Monday, January 23, 2012


Before Emmett was diagnosed with cancer, I was taking some graduate classes, and, not to toot my own horn, but I was rocking grad school like a champ, and I LOVED it.  I remember one night on the drive home from midterms in early February shortly before Emmett's diagnosis.  I knew I'd done well, and so I was happy, but as I drove and prayed, I wondered that my happiness in graduate school and a potential career change had not made me any more content with my life.  Sure, I wasn't bored anymore, but I wasn't necessarily more content.  So I distinctly remember praying that I didn't want to just make more money doing a more challenging job, but I wanted to know Christ, no matter what.  And I remember it, down to exactly where I was on the drive home, because at that moment I could have sworn I felt something move, like an invisible gear clicking into place with a resounding pop, almost as if God were waiting for me to pray those words so he could shout a big, "finally!" to the heavens.  

Now Emmett was already feeling some of the effects of the cancer that would eventually claim his life, so I feel in no way guilty about that prayer.  But I have wondered if the last piece of the plan before Emmett's diagnosis was to get my heart in the right place.  

Lately, my heart has most definitely been in the wrong place.  Something about the turn of year has reminded me that eventually I have to move forward.  Not that I have to move on, or forget, or do anything necessarily, but facing potentially five or so more decades on this planet reminded me that I have to spend that time doing something.  That reminder has particularly unsettled me because Emmett and I had plan, and he did not stick to it, so now I'm left uncertain of where to go.

So while reading Brokenness: How God Redeems Pain and Suffering by Lon Solomon, I came across these passages:
I still thought usefulness to Christ was about methods and knowledge and human experience.    I knew nothing about needing God's Spirit to flow through me unhindered.  I didn't realize that spiritual usefulness is all about spiritual formation in my own heart.  I was ignorant of the process by which God prepares his servant...
It seemed to me that rather than rewarding me for asking God to use my life, God was somehow punishing me.  The whole thing baffled me.  It seemed so nonsensical, so contrary to human logic: volunteer for God to use you and instead he curses you.
At one time or another, as followers of Christ, so many of us have asked God to make us usable; to make us powerful servants of Jesus Christ; to do whatever is necessary to bring this to pass in our lives. When we pray such prayers, we are really asking for God's brokenness.  So God sends problems, suffering, and heartache our way.  He sends failures, setbacks, and losses that are uniquely fitted for us.  We so often refer to these as tragedies.  But here's the real tragedy: our ignorance of the principles and process of brokenness often causes us to curse God when all he's trying to do is answer our prayer.  We often resist the process and resent the Lord for putting us through it simply because we don't understand how it all fits together in God's strategy for making us spiritually usable.  Nothing is accidental in a Christ-follower's life.  God actively orders every detail.  He knows those things that will most effectively shatter our self-life, and those are the things that he allows to come upon us.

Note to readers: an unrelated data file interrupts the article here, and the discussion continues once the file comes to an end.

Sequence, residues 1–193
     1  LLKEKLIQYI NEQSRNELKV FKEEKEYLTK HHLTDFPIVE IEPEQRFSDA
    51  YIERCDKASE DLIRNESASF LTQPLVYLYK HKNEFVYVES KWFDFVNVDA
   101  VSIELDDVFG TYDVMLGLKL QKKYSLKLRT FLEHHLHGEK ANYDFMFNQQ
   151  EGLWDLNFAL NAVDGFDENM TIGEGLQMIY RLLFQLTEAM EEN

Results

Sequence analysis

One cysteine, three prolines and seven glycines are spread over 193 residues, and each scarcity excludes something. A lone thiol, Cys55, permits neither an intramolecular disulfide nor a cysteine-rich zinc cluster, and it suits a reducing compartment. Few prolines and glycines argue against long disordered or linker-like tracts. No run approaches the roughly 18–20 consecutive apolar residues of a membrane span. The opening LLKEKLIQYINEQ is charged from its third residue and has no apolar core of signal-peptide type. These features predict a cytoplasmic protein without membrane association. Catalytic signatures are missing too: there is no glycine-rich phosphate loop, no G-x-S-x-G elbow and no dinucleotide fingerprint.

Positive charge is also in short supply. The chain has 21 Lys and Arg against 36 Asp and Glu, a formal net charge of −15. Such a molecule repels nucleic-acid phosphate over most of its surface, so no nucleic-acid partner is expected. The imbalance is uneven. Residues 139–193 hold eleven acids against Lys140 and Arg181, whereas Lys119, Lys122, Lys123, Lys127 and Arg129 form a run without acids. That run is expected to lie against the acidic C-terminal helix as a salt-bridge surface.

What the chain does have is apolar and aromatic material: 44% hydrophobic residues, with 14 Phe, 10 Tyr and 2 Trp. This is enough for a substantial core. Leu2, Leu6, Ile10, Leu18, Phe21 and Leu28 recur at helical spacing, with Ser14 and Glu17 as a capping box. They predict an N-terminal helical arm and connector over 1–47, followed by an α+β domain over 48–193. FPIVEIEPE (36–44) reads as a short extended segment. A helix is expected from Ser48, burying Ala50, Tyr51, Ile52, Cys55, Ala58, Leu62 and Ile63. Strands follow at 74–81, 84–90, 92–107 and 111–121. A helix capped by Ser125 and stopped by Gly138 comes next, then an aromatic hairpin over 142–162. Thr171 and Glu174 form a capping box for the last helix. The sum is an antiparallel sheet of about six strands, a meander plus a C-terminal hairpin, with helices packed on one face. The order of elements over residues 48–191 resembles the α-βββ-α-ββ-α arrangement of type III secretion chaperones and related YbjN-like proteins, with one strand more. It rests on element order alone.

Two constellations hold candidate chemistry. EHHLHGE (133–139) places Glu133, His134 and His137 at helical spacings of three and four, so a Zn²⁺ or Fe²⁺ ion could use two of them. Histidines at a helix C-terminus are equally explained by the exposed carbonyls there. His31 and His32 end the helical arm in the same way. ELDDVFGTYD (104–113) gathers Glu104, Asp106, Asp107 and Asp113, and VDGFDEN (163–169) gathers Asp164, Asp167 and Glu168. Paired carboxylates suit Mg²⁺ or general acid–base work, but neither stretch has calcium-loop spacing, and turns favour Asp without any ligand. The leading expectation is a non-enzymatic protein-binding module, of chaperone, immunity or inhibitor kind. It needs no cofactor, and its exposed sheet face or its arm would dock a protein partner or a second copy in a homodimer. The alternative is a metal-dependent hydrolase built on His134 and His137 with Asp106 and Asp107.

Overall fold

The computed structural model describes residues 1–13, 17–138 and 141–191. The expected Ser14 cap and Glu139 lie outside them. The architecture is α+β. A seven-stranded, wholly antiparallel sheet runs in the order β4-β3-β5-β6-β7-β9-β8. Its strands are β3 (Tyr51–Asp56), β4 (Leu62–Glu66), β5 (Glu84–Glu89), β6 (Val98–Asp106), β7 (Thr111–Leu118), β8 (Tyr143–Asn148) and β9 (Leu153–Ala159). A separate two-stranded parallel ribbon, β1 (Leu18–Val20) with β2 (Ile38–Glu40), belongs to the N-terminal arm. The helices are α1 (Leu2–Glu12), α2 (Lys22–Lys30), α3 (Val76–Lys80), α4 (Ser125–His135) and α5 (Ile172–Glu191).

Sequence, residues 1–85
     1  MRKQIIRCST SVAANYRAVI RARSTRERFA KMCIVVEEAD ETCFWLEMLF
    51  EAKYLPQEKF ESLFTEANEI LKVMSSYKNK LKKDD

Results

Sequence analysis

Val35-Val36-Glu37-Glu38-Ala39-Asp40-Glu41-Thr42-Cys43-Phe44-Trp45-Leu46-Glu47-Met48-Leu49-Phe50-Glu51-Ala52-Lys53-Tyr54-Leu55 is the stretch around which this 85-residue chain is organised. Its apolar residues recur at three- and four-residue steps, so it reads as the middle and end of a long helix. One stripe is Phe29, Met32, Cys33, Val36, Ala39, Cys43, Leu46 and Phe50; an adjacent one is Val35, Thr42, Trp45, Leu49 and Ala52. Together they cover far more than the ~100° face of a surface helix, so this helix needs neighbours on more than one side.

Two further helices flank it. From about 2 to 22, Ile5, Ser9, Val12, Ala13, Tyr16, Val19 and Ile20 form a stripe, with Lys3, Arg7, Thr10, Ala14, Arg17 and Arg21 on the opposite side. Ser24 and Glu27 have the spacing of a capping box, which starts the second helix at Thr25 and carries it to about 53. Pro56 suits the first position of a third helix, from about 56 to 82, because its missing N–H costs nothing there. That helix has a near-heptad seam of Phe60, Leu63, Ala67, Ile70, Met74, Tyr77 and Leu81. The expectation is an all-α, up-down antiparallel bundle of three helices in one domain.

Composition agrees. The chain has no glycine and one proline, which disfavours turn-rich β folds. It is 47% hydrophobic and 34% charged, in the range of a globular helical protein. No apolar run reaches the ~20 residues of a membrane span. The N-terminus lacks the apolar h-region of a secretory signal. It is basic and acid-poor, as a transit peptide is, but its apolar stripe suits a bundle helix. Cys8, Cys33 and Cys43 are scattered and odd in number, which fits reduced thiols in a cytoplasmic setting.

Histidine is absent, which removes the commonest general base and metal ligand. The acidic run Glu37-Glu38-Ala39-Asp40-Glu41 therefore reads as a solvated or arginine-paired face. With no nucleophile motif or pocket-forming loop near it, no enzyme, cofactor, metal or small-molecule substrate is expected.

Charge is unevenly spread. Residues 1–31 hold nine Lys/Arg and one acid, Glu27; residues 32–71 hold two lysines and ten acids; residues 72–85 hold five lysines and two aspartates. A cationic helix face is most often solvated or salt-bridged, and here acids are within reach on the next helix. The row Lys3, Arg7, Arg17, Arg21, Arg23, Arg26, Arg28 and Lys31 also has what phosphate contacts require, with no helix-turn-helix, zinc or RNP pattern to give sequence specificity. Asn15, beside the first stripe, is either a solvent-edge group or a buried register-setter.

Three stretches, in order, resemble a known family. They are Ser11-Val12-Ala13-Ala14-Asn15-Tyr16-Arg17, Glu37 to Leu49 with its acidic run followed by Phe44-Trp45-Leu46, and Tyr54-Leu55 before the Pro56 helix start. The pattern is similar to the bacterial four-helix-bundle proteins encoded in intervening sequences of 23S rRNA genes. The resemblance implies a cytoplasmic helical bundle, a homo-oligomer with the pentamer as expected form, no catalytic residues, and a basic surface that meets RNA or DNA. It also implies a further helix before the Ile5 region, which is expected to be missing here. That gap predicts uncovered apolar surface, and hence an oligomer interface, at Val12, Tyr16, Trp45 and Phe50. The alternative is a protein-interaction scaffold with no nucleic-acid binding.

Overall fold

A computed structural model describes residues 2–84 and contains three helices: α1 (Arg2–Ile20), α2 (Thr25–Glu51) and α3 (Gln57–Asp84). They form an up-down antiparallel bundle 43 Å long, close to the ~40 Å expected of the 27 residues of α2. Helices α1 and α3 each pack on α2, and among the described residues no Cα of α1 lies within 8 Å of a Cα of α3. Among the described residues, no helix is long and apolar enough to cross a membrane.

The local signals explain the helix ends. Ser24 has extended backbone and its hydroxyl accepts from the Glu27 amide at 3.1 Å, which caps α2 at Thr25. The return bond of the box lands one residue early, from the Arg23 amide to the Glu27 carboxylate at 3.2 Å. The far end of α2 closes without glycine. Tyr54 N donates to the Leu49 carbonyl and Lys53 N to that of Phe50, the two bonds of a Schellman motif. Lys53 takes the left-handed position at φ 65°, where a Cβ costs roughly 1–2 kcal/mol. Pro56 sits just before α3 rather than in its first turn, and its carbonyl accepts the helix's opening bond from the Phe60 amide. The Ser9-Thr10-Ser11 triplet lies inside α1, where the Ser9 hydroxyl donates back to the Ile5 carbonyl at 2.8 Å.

And wow!  So... um... yeah...  That was relevant.

After devouring this book in about a day, I decided to reread the story of Abraham's life because I felt I had been resenting the Lord a little bit.  Okay, maybe a lot.  Anyway, I noticed some important things about Abraham.  Did you know it was twenty-four years before God called Abraham to leave his home before God even started to fulfill the promise of making Abraham into a great nation?  That's twenty-four years of wandering with not much to go on.  During that time Abraham was faithful to his only wife who was barren.  At that time only having one wife and being faithful to her, especially when she was barren, seems like a pretty remarkable feat.  At the same time, Abraham clearly wimps out on several occasions, but God always rescues him.  But think about all those mornings Abraham woke up and looked at all his stuff and was happy, but not really, because he didn't have an heir.  Or what about all those times he packed up his tent and moved again, perhaps wondering in his heart what good it would do?  Twenty-four years is a lot of days to wake up without even a hint of an answer to God's promise.

So I feel a little better.  Not because I have any more of an answer to the questions I have, but because I feel a little more confident that I'm in good company.  But I liked the phrase Lon Solomon used about allowing God's Spirit to flow through me unhindered, so I've caught that as my prayer for the time being.  And for the time being, it is enough.  Mostly. 


  1. "I didn't realize that spiritual usefulness is all about spiritual formation in my own heart. I was ignorant of the process by which God prepares his servant..."

    This is so true. How often do I pray to be used, but then Jesus says, "Can you drink from this same cup?" The cup he drank was of sorrow.

    I'm so sorry for your loss. God's Kingdom is so mysterious, yet I do believe you are right. It is through brokenness that He redeems and then uses for His glory.

    (This is my first time here. It's nice to "meet" you.)

  2. I needed to catch up on your entries, and boy, I'm glad I did. I am often struck at the time lapse in Bible-people's lives- a lapse that is so easy to miss-- like Paul not going up to Jerusalem until 14 years after his conversion. Lots and lots of time lapse and waiting..